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c. 1400 Destr. of Troy 402, Of negramansi [she had] ynogh to note when she liket.

Ibid. 5288, wirke with that worthy, as ye wele likes.

Ibid. 6262, I haue messangers with me... Bodvvord for to bring, as we best lykys.

Ibid. 7894, Pai Priani shuld pray for this prise lady, To be sent to his Sir, if he so lyked. 74. Between 1400 and 1450 the D construction made great progress:

c. 1420 Lydgate, London Lyckpenny 5, they lyked it well.

Ibid. 1332, By and by he told her euery del the which in soth she liked neuere a del.

(The two constructions are probably blended in /Ijs. of Gods 574, reule me as ye lyketh best; Lydgate may, however, have used the Southern 2nd pers. pl. Or has a Southern scribe tampered with the original lyke\n\?)

c. 1420 Pall. on Husb. X 55, thaire landes liketh thai to enoynte.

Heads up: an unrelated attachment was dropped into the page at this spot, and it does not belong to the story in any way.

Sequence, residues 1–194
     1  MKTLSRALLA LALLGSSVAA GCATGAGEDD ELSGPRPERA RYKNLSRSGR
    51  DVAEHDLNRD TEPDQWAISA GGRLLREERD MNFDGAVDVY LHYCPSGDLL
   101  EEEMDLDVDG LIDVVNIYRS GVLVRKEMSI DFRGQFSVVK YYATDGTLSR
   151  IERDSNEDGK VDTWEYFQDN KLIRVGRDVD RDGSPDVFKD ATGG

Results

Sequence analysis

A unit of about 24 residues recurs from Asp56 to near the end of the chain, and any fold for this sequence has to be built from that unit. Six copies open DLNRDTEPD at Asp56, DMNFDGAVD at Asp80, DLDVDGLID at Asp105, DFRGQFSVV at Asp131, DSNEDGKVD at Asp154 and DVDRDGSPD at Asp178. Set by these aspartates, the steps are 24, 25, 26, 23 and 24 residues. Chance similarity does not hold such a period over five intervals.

In the same work there is a striking blending: XI 15, Nowe lynneseede, if the lykest may be sowne.

1435 Fire of Love 52/32, Qwhils he truly in fleschlv desirs begyns to lyke; in to how greet a pytt of wrechidnes he cast hymself he seis not.

Lyke evidently means here 'delight', a signifïcation which can also be instanced from the Surtees Psalter:

CIII (CIV) 34, ƒ sothlik in Lauerd like sal. #) c. 1440 Flor. & Blanchefl. Trenth. MS. 527, l>ou lijkkist no")t }>in yn ; cf. Cambr. MS. (2nd half 13th cent.) 171, pe ne likcp nojt Jiin in.

c. 1440 Generydes 661, he lekid hym (hym acc.; shown by context).

Ibid. 4267, She likyd not that riall ordenaunce. c. 1440 Gesta Rom. p. 281, come heder, and here me, and [>ou shalt like it for euer.

*) This is probably the verv earliest instance of a I) Construction of this verb; date c. 1300.